People turn to their favorite brand for a reason. They know what to expect from it; they have been served very well in the past, and they continue to be happy with it. They know they can rely on it for a quality purchase. And should they have a bad incident, they know their trusted company/outlet/website will sort them out.

Your performance should be such that you inspire complete trust in your customers. They come to rely on you because you are that good.

Are you there yet?

Create a desire

It may well be that people may not have much of a need for your product/service. Your job is to convince them that they do.

Your job is to present that in such a way that it becomes a no-brainer for them to come to you. This is not some Jedi mind trick, this is standard marketing fare.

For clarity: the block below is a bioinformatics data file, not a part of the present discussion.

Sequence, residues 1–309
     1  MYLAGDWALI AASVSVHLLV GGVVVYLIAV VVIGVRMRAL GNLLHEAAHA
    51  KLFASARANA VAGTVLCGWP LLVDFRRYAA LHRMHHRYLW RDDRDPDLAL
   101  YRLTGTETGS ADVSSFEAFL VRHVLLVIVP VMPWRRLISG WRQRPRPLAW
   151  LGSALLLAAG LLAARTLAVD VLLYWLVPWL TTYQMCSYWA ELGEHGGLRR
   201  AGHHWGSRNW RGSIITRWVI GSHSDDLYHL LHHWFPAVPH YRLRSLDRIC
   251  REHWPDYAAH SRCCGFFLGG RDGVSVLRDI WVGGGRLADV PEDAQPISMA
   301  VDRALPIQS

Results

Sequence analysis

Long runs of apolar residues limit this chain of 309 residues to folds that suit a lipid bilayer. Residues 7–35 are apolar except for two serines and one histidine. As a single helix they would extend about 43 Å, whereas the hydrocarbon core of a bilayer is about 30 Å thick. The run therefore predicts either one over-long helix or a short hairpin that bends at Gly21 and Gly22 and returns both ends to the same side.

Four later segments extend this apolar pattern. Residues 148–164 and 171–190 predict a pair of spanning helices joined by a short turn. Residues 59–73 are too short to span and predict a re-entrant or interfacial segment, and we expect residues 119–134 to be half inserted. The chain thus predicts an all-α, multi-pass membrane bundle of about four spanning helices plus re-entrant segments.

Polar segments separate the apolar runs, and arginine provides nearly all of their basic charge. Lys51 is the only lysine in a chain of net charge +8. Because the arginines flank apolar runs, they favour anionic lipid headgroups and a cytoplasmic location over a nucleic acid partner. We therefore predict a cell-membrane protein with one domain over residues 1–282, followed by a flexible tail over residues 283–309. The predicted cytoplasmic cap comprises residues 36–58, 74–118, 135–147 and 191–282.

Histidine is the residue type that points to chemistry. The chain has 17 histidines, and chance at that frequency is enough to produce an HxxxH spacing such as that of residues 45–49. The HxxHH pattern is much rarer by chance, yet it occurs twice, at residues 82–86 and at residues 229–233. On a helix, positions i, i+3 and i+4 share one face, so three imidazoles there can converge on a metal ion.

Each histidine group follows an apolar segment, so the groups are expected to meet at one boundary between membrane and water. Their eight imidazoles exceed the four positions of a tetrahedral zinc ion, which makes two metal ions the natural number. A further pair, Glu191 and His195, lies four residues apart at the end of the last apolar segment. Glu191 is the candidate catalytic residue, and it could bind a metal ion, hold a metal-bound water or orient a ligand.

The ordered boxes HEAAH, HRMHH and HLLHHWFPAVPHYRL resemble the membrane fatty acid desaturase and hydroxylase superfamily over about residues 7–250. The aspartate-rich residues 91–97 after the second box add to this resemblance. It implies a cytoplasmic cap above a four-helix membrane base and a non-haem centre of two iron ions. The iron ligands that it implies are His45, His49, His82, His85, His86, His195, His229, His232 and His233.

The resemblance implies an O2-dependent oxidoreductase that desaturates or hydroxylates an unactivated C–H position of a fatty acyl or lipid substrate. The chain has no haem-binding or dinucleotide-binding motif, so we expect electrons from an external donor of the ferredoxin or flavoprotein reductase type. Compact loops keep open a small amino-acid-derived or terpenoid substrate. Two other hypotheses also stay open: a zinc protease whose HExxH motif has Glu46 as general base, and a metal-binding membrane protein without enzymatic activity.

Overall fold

How do the successful brands do it?

They know their demographics. They do their research. They know the problems, requirements, or desires of their targeted segments. And accordingly, they come up with products that fulfill a physical or psychological need. The result? People can’t help but fall for their products.

So your website offers designing solutions? About a million others do. But maybe not in your area, and maybe they don’t spend hours or days understanding the clients, their requirements, and expectations. There is always something you can do differently and convince others that yours is the best way.

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Customers are fickle, and you’re nothing special

Apple may have reshaped the smartphone industry with its range of iPhones, but Samsung did not take very long to catch up. As per 2012 data, Samsung shipped more smartphones than any other company last year and is poised to be the leader in this field. Samsung is not a top 10 brand yet, but boy is it giving Apple a run for its money in what happens to be the latter’s stronghold.

The point is, even if you were unique to begin with, it might only give you a solid start. From that point on, it’s all about innovation to keep up with, if not ahead, of the times.